Some design tips

Knowing how things are made is important for both product manager and designer; it could mean different quality and cost. Take a look at the two female body designs on the right for example; you may say the breast shape of body A looks more natural than that of body B. We agree, but the design of body B is not without a reason: it avoids the recess area of the breast which forms an undercut in body A. This slight alternation actually makes a big difference in terms of manufacturing and materials used therefore cost. Action figure body is usually made of ABS, a rigid plastic, so any undercut would prevent the casting from pulling out of the molds.

Can design of body A be achieved? Yes, but in a more complicated and usually more costly way. Following discussions may help you gain more knowledge about issues like that.

About product design

  • Product idea should come from client. Dora doll may look ugly at first, but they are one of the most sellable plush toys out there. Why? Young children love it and that's what matters! Some marketers seem not realizing that they are actually the ones who know what would sell and what wouldn't, so instead of relying on designer or factory, they are in the best position of coming up with product ideas. We encourage clients to pay more attention to this common sense. 
  • It's worthy to spend a little more on designing. We have worked with clients who are artists themselves and those who have very good product ideas but care less about graphics. The outcomes can be very different: while production usually goes well with the former, we often ended up altering products in the middle of production with the latter. When it comes to actual design, having a good designer draw out your idea in graphic is usually worthy; so called "a picture is worth a thousand words".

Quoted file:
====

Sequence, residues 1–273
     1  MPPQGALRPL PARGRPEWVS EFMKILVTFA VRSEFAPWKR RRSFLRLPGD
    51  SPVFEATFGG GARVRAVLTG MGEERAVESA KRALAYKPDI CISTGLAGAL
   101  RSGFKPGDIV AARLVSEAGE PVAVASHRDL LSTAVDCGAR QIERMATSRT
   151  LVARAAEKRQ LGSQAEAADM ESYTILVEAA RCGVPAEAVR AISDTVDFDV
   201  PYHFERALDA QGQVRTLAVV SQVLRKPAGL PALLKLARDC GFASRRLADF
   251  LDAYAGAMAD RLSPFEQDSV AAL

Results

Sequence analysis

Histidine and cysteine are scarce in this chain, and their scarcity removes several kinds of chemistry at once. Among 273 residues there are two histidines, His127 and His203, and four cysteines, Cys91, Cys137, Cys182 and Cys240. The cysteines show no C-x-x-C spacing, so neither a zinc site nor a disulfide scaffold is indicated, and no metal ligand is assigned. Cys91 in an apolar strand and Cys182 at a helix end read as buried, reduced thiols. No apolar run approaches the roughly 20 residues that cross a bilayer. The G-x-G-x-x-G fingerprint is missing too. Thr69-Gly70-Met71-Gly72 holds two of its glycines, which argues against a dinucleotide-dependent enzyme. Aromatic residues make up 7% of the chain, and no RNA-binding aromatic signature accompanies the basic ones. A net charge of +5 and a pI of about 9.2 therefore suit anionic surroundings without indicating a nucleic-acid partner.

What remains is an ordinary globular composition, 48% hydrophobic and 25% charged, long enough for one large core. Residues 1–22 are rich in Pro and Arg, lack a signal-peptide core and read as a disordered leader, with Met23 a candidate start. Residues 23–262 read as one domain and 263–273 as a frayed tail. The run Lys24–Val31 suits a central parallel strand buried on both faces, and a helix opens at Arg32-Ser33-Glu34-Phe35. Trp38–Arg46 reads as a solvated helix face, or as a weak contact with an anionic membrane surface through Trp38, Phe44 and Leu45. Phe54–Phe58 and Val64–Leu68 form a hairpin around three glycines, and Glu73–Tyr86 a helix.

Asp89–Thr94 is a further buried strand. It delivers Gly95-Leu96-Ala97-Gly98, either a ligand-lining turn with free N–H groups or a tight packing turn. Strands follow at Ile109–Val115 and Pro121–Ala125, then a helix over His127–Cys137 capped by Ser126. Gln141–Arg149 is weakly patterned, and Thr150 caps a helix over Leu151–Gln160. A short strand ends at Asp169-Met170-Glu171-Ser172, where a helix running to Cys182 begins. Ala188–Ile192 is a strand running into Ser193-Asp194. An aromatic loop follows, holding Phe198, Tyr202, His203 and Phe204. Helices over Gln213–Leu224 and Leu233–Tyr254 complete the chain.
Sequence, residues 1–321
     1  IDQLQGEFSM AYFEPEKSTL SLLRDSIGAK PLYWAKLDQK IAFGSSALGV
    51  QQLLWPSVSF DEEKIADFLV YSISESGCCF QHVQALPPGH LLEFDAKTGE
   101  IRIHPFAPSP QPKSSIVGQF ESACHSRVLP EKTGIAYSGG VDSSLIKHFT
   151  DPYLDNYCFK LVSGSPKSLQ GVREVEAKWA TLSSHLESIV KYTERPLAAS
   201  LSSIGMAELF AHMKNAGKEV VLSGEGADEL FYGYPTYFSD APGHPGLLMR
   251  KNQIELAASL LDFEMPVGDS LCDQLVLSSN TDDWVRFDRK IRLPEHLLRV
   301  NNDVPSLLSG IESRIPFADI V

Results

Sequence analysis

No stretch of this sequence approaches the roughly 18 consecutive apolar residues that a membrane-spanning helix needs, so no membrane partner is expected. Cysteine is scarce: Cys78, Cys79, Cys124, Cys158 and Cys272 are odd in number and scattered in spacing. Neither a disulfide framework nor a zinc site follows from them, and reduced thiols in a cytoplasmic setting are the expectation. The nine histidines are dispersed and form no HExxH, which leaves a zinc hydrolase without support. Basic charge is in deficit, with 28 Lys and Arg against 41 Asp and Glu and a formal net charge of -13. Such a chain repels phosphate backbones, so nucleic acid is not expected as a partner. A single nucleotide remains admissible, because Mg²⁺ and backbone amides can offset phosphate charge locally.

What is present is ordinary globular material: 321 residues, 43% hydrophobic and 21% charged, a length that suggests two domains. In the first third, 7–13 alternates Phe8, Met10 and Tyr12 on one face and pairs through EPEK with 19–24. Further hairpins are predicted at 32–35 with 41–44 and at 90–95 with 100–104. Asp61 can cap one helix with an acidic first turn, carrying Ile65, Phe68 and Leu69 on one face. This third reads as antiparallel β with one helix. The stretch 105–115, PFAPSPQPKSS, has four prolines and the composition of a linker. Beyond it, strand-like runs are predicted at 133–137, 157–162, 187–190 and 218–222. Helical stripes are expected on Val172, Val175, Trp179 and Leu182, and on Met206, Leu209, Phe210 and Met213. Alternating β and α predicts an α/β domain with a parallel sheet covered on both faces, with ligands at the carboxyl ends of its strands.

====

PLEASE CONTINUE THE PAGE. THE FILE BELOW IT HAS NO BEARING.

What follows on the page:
Another important point of having someone to draw out your design is that designers are artists, who can add aesthetic value to your product. In fact, if you know how much Mattel or Hasbro spend on developing a toy, you would agree that it is worth to spend a little more time and money in presenting your design. 

About cost elementsNFL robot

Does quality always come with a price? Not necessary; true is, a good design sometimes helps reduce cost. The NFL Robot on the right is a pretty good design, right? Aesthetics-wide, yes; but when we had a chance to look at it, we discovered a few issues. The whole thing is made of solid PVC plastic which weighes 600 grams (1.3 lbs); in addition, PVC is a thermoplastics plastic which becomes softening under heat. That means if you expose it outside in the summer, the joints may not hold well. So on one hand, the excessive weight would not only make it less playable, but also consumes more material, which means more cost; on the other hand, it poises safety issues.

More discussions about some cost elements are as follows.

  • Type. Action figure that requires articulations and mixed materials is usually more expensive than simple figurine or bobble head; collectible item is usually more costly than giveaway toy. Keep in mind, it's not always true that complicated item is more valuable; for example, collectors may prefer a stand-still statue than a playable toy, so it all depends on the market you are targeting.

  • Size. Dimensions of the product and its accessories (if any) determine consumption of materials. The larger in size, in general, the more material consumed and more powerful equipment may be required, therefore more costly.

    To help reducing cost, some of the techniques can be considered, including hollowing the parts, removing unnecessary materials (see this example), and using a appropriate manufacturing method.

    In the case a product is designed hollow inside, by the way, size may be a key for some manufacturing methods. For example, fiber can be added to strengthen large resin statues but not small pieces. In roto-casting, on the other hand, cavity is required in order for the casting pieces to be pulled out from mold.